Platelet count and morphology were evaluated in 19 CKCS with DMVD, 7 predisposed CKCS, and 7 controls. There was no significant correlation between platelet count and serum 5HT in the entire study population (r2= 0.0027, P= .78) nor in any individual group (DMVD, r2= 0.0034, P= .81; predisposed, r2= 0.087, P= .52; control, r2= 0.062, P= .58). Macroplatelets were present in 11/26 (42%) of the CKCS, including 8/19 (42%) CKCS with DMVD, and 3/7 (43%) predisposed CKCS. Macroplatelets were not detected in any of the control dogs. Median serum 5HT concentration was not significantly different in the CKCS with macroplatelets (884 ng/mL [770.4–1,289]) when compared with CKCS with normal platelet morphology (789.7 ng/mL [595.5–1,032], P= .32).

Discussion

  1. Top of page
  2. Abstract
  3. Materials and Methods
  4. Statistical Analysis
  5. Results
  6. Discussion
  7. Footnotes
  8. Acknowledgments
  9. References

Increased 5HT signaling has been implicated in the development of valvular pathology in humans,1–3 animal models,4–6 and dogs with DMVD.7–9a,b In humans and animal models, many of the gross, histological, and molecular changes are similar to those seen in myxomatous DMVD of dogs.11 Our results indicate that dogs with naturally occurring DMVD as well as CKCS predisposed to DMVD have higher serum 5HT concentrations than do large breed controls. These results suggest a potential role for 5HT in the pathophysiology of DMVD in dogs, and particularly in the CKCS.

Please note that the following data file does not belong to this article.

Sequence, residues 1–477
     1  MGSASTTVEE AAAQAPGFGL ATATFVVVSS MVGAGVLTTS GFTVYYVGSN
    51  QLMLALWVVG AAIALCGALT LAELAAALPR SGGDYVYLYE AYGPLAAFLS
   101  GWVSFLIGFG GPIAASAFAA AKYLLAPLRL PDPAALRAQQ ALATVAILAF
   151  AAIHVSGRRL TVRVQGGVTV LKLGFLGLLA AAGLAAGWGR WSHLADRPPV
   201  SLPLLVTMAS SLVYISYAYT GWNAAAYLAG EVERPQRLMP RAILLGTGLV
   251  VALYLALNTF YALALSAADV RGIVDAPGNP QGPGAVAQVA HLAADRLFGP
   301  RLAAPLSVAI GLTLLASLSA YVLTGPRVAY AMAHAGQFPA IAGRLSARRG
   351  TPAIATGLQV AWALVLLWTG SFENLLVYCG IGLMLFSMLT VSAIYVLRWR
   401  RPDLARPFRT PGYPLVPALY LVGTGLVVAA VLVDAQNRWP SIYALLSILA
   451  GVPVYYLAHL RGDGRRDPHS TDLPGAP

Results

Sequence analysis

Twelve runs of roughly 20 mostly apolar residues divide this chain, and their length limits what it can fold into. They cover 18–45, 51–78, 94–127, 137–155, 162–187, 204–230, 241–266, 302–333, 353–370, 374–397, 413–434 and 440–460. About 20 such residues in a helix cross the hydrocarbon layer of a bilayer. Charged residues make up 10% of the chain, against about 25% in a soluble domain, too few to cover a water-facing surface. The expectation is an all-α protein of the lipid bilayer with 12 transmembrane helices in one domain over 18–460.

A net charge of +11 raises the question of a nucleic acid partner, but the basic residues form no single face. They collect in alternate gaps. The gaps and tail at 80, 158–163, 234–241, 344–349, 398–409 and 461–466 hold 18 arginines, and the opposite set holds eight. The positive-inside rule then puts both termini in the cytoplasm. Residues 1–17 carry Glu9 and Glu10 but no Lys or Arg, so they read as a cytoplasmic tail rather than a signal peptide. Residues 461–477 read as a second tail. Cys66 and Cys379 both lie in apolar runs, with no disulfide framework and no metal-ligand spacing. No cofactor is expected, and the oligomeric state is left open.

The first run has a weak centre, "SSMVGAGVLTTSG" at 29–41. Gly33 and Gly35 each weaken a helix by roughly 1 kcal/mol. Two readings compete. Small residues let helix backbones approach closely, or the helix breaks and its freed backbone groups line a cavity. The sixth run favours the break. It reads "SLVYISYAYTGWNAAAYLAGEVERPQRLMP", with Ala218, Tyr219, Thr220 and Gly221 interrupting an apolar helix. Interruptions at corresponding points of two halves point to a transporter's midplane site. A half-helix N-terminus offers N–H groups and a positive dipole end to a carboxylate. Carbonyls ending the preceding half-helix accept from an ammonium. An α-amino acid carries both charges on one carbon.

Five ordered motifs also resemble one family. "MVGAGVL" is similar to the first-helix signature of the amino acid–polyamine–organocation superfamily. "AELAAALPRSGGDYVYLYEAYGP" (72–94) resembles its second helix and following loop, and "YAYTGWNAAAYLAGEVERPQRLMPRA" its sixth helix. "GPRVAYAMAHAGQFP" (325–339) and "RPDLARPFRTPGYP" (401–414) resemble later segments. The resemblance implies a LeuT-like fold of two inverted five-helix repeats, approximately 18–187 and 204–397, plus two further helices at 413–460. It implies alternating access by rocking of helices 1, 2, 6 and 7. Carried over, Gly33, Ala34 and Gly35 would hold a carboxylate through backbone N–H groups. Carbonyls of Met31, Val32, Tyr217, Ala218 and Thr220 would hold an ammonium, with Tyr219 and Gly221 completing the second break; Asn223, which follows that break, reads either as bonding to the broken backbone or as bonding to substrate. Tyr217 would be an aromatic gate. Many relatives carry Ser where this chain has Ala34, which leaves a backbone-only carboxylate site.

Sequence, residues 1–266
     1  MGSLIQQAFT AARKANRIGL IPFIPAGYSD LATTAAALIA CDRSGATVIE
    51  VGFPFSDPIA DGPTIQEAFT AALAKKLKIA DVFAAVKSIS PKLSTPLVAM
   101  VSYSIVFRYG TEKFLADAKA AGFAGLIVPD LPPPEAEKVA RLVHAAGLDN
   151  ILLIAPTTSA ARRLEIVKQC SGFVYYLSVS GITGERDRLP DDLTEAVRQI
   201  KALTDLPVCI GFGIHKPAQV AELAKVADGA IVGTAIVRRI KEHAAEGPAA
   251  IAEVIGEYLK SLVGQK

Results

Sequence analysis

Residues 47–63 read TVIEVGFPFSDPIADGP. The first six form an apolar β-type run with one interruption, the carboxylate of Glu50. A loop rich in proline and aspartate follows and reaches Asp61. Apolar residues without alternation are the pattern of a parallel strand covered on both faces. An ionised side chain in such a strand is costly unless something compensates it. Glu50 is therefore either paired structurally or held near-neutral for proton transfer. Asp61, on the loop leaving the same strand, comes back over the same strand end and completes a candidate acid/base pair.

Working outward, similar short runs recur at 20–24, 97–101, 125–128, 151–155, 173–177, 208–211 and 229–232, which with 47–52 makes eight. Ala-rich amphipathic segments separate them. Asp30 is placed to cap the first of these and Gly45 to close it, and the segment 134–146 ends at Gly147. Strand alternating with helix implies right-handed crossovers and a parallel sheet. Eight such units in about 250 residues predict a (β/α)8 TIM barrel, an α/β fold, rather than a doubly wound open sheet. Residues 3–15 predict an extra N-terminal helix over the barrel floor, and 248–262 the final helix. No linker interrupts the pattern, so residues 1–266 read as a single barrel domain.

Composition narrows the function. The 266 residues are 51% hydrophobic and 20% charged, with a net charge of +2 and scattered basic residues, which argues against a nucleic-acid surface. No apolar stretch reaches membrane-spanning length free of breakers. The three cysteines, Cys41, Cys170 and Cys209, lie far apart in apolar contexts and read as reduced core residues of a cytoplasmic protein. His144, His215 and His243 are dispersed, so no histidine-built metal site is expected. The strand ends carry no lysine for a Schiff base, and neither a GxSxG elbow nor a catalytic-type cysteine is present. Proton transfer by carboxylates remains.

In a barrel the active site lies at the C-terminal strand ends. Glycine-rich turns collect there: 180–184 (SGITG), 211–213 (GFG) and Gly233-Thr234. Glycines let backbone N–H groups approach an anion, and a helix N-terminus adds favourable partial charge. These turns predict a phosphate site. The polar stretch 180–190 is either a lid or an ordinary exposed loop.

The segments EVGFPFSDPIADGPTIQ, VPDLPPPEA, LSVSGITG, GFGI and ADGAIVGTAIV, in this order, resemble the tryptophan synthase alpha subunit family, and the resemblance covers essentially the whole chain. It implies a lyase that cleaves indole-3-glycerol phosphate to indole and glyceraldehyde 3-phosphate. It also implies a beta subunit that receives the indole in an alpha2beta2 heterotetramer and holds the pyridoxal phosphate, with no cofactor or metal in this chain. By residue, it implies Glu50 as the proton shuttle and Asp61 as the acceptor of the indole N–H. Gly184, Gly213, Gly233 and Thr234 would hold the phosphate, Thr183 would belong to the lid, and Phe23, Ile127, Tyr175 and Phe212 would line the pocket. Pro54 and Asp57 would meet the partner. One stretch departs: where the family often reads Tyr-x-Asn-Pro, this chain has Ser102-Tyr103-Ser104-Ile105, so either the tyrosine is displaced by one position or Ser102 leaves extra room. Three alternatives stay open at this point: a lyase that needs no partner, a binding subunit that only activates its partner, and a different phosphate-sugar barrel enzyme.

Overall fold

In humans, the role of 5HT in valve disease has been most studied in individuals with carcinoid tumors1,12 or in those receiving serotonergic medications such as fenfluramine or ergot alkaloids.2,3,13 In these instances, 5HT is believed to bind to 5HT receptors on the valve surface and activate downstream mitogenic pathways, resulting in differentiation of valvular interstitial cells, remodeling of the extracellular matrix, and abnormalities in collagen.9,14–18 5HT-activated pathways include those involving extracellular regulated kinases, TGF-β, and protein kinase C.19–21 In humans, affected valves develop fibrous plaques, thickened leaflets and chordae tendineae, and glycosaminoglycan deposition in the extracellular matrix.1 The gross and histological changes seen with 5HT-mediated disease are similar but not identical to those seen in dogs with naturally occurring DMVD. Notably, dogs do not typically develop large fibrous plaques on the surface of the valve leaflets, but many of the changes, including proliferation and differentiation of valvular interstitial cells, deposition of myxoid ground substance, and neovascularization are similar between the 2 conditions.22